Electric vehicle (EV) charging modes are various types of chargers that can be used to charge an electric vehicle. The voltage and amperage of the charger determine the charging mode. Four different charging modes are available, each with varying availability, charging speed, advantages, and drawbacks. For further information, continue reading.
Mode 1: Standard household outlet
One charging option for electric vehicles is using a standard household outlet, also known as level 1 EV charging. This method is widely available and inexpensive, as any electric socket can be used. However, it has a slow charging speed of only 1-2 miles per hour on average. The voltage for this option is 120V, and the amperage is 12-16A. It’s important to note that this method has no safety features. You can find a standard household outlet in your home, workplace, or public places. It’s typically recommended as a last resort if no faster charging options are available.
Mode 2: Portable EVSE with a standard household outlet
Mode 2 is a portable Electric Vehicle Supply Equipment (EVSE) that can be connected to a standard household outlet. It offers convenience and is relatively affordable compared to other modes. However, its charging speed is still slow, with an average of 2-5 miles per hour. The voltage is 120V, and the amperage ranges from 12-16A, with overcurrent protection as the typical safety feature. This mode can be found at home, workplace, or public places. Some EV models come with a portable EVSE, while others require you to purchase one. It is a good option to consider if you live in an apartment with a nearby socket.
Mode 3: Dedicated EVSE connected to 240V outlet
One charging method for electric vehicles is Mode 3, which uses a dedicated EVSE connected to a 240V outlet. The advantages of this method include faster charging speeds, typically around 10-35 miles per hour. However, it is also more expensive than Mode 1 or 2. The voltage for Mode 3 is 240V, with an amperage of 32-40A. Safety features typically include overcurrent protection, ground fault protection, and temperature protection. This method can be found in homes, workplaces, and public places. It requires an electrician to install your home EV charger. Additionally, it’s worth noting that your utility company may offer rebates for installing this type of charging system depending on where you live.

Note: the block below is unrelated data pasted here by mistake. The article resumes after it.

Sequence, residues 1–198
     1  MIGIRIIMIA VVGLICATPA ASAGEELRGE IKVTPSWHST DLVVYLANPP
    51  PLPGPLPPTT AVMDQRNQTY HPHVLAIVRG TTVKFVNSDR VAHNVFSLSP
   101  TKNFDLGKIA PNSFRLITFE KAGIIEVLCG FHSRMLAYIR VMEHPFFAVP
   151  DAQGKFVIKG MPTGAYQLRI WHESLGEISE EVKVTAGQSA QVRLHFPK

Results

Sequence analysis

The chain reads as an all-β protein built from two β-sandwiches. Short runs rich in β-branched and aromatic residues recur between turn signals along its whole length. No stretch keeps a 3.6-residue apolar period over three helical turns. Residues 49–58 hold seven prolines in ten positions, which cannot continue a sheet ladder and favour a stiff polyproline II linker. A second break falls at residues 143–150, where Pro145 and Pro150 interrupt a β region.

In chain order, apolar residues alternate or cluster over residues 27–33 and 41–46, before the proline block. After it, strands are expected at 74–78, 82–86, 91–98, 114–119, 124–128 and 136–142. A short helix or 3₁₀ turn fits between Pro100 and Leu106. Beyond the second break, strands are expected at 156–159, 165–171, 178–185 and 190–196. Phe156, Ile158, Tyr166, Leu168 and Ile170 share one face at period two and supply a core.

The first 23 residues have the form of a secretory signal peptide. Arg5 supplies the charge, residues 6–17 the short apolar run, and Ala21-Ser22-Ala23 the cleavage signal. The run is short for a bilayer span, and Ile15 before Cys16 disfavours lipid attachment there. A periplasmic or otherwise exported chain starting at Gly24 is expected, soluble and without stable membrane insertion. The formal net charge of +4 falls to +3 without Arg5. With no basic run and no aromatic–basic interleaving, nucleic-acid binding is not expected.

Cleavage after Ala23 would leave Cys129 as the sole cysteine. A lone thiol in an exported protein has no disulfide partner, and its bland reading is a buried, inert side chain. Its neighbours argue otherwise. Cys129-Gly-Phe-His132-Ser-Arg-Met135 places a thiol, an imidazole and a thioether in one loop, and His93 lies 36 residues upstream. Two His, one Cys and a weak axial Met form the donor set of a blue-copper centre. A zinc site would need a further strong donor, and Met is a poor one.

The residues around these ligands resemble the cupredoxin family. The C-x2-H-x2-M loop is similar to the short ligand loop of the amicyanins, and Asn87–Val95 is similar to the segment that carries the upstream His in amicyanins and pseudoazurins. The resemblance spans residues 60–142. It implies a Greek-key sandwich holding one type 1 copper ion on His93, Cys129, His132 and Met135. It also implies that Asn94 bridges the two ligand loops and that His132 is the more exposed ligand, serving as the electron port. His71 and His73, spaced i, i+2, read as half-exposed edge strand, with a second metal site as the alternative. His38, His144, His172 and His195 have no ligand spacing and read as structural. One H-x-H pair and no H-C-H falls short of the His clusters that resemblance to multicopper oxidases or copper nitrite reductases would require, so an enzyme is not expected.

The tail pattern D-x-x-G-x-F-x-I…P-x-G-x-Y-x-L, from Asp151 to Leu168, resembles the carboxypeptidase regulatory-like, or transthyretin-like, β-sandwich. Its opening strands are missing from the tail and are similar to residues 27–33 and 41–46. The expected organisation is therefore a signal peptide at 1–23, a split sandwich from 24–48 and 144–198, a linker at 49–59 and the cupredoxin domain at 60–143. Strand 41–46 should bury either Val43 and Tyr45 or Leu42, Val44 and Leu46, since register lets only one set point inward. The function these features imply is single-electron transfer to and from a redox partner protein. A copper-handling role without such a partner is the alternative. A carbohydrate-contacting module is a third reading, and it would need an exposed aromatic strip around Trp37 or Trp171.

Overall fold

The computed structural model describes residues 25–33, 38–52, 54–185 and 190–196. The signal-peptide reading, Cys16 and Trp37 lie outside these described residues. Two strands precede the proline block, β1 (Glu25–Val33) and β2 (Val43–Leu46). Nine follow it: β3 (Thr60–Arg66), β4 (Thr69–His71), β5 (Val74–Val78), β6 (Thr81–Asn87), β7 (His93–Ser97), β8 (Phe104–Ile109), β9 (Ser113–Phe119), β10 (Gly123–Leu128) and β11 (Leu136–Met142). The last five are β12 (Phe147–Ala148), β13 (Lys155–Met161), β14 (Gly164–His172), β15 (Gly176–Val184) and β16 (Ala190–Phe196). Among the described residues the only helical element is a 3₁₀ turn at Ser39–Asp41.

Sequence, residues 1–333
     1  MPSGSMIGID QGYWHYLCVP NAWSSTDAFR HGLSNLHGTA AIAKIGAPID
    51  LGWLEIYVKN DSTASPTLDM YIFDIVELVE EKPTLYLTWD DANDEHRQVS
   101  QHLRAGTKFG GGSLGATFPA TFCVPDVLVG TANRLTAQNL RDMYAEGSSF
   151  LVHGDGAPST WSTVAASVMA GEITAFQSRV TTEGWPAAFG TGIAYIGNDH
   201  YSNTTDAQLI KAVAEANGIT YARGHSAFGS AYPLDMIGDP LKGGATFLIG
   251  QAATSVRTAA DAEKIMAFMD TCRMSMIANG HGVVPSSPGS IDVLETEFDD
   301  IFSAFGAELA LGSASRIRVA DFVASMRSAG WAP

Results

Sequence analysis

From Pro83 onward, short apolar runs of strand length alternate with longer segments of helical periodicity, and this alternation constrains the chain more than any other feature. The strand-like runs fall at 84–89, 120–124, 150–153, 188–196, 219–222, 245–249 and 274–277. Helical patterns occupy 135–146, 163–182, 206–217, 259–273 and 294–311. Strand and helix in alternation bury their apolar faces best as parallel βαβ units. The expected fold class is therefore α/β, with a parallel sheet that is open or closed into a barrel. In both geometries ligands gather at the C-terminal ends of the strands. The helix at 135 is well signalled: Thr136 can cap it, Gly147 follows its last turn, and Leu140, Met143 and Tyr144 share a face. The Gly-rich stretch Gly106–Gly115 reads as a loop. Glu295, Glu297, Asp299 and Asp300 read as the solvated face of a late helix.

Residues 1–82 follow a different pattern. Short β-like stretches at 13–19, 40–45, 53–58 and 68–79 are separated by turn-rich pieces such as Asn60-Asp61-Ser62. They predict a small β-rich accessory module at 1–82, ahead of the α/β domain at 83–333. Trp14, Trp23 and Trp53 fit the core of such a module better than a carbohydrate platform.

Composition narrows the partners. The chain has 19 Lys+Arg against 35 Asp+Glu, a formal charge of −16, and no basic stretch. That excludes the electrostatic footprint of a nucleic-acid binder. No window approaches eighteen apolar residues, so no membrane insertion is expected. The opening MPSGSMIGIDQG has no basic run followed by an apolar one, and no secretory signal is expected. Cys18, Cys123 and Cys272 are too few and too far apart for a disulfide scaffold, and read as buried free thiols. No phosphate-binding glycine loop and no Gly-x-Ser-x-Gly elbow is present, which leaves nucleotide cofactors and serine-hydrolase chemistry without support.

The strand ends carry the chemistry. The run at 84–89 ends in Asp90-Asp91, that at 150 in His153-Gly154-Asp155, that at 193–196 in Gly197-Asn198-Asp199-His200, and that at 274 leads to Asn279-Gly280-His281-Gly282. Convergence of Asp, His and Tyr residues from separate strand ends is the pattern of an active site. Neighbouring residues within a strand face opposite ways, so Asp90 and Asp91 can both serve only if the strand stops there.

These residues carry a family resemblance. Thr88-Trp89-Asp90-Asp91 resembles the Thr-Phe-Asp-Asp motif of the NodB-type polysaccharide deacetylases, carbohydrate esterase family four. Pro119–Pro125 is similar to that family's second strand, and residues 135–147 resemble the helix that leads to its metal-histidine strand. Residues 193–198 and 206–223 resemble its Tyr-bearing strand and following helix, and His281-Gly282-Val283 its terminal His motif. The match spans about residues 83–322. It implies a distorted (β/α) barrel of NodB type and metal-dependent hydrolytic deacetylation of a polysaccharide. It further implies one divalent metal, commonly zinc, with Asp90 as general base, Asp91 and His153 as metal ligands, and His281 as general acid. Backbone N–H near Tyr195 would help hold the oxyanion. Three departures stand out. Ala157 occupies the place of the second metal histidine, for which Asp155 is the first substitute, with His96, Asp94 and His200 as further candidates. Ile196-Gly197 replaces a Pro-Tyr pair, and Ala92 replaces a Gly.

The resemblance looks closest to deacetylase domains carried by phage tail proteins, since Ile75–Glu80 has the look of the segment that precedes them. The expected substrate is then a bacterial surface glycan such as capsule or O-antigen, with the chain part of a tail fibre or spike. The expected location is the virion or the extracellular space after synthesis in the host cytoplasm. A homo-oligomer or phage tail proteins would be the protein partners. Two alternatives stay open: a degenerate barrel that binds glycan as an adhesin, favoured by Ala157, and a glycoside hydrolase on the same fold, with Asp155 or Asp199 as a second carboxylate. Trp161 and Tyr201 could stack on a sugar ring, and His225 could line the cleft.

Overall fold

Mode 4: DC fast charger
One of the quickest ways to charge your electric vehicle (EV) is through a DC fast charger, which is available in Mode 4. This option can charge your EV at up to 650 miles per hour. Depending on your EV model and the DC fast charger you are using, it can take anywhere between 18 minutes to over an hour to charge from 10% to 80% capacity. However, it is worth noting that this is the most expensive charging option and may not be as widely available as Mode 3.
DC fast chargers operate on a voltage of DC and an amperage of 50-350 kW. They can be found along highways, at rest stops, and in public places. It is important to bear in mind that there are three DC fast charger standards (CCS, CHAdeMO, and Tesla), and depending on your EV model, you may only be able to use compatible charging standards. While the infrastructure for DC EV charging is still growing, it is limited and varies depending on where you live.
When considering charging options for your electric vehicle, it’s important to consider a few factors. First, be aware that some EVs require a compatible type of DC Fast charger. Additionally, if you plan to charge your car at home, you’ll need to make sure you have a 240V outlet available to get the most out of your EV. Remember that the cost of EV chargers can vary widely, ranging from a few hundred dollars to several thousand dollars. Finally, not all charging stations are created equal – some are faster and more reliable than others.
In conclusion, your specific requirements and financial constraints will determine the optimal EV charging mode for you. If your daily commute is short and you can charge your vehicle overnight, Modes 1 or 2 may be adequate. However, if you have a lengthy commute or require a fast charging option, Modes 3 or 4 may be preferable. Use our needs-based search to find the electric vehicle that best suits you.